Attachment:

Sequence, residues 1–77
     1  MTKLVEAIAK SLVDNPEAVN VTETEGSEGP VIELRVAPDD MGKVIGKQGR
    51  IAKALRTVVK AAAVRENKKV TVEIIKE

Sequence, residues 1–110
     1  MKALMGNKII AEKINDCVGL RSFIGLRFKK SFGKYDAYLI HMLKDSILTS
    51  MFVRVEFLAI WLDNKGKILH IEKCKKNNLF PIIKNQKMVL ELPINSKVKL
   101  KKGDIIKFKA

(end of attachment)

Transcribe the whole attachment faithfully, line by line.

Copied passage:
Sequence, residues 1–77
     1  MTKLVEAIAK SLVDNPEAVN VTETEGSEGP VIELRVAPDD MGKVIGKQGR
    51  IAKALRTVVK AAAVRENKKV TVEIIKE

Sequence, residues 1–110
     1  MKALMGNKII AEKINDCVGL RSFIGLRFKK SFGKYDAYLI HMLKDSILTS
    51  MFVRVEFLAI WLDNKGKILH IEKCKKNNLF PIIKNQKMVL ELPINSKVKL
   101  KKGDIIKFKA